Ten countries are most likely to experience an increase in deterioration in peace within the next two years, according to the 2014 Global Peace Index (GPI) report produced by The Institute for Economics and Peace (IEP).
They are Zambia, Haiti, Argentina, Chad, Bosnia and Herzegovina, Nepal, Burundi, Georgia, Liberia and Qatar. This forecast is useful input for companies that already operate in these markets or plan to expand there, allowing them time to prepare risk-mitigation plans and take other precautionary steps, such as insurance coverage.
The good news is that Singapore, Taiwan, Japan, Australia and New Zealand are ranked in the top 30 most peaceful regions. Asia is home to the world's largest number of peaceful markets after Europe and North America.
But the Philippines, ranked 137 out of 162 countries, saw a deterioration in its “relations with neighboring countries” score because of ongoing tensions with China in the South China Sea dispute.
The price tag on the global economy of the deterioration in peace conditions is estimated at US$9.8 trillion or 11.3 % of the GDP in the last year – an increase of US$179 billion year-on-year. This figure includes upward revisions of China’s military expenditure and the number and intensity of internal conflicts. According to the GPI report, 11.3% of last year’s GDP is equal to twice the size of the 54 countries in the African economy.
“This is resulting in very real costs to the world economy; increases in global economic impact of violence and its containment are equivalent to 19% of global economic growth from 2012 to 2013,” said Steve Killelea, Founder and Executive Chairman of the IEP.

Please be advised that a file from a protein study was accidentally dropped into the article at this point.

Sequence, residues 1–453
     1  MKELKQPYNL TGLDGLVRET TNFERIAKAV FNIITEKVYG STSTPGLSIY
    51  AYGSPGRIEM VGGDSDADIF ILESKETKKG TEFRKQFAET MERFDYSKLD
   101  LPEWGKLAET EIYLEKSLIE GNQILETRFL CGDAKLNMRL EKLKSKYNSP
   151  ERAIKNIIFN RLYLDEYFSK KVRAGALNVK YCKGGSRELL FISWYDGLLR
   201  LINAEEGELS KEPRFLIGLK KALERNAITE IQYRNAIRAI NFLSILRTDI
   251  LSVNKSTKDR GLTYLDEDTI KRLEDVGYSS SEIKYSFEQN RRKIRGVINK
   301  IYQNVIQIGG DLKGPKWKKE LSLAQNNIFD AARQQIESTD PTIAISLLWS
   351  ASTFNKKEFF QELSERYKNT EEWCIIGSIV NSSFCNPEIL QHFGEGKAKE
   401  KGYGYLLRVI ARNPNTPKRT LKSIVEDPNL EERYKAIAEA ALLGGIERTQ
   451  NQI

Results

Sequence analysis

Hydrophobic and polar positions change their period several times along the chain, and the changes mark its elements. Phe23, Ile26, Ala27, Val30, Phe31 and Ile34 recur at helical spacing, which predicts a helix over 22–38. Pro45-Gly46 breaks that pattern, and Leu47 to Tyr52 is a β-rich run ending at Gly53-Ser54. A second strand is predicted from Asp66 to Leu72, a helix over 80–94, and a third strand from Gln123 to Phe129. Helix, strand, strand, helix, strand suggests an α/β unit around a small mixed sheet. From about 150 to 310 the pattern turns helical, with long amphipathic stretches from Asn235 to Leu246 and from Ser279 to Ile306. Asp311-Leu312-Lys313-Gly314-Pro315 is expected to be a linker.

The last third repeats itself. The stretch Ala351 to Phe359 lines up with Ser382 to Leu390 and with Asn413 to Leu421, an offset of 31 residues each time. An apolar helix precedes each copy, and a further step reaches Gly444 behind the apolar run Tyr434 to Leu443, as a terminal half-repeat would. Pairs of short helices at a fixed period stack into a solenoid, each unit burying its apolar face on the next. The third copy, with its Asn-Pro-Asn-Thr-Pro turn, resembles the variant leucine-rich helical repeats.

“To put this in perspective, this is around US$1,350 per person. The danger is that we fall into a negative cycle: low economic growth leads to higher levels of violence, the containment of which produces lower economic growth.”
The GPI report measured the peace and violence to assess the relative probability (90% historical accuracy) of countries that are at risk of deteriorating in peace (or improvement). It examined 162 countries for their on-going domestic and international conflicts, safety and security in society and their militarization by taking into account 22 indicators.
Europe and North America have been generally peaceful, with Scandinavian countries performing very well on the peace indicators. South America scored above the global average with Argentina (despite being in the top ten at-risk markets), Bolivia and Paraguay having improved the most compared with Colombia and Venezuela, which lag at the bottom.
Sub-Sahara Africa and South Asian countries have experienced the largest deterioration in peace conditions. The decline is blamed on terrorist activity, the number of conflicts and the number of refugees and displaced persons.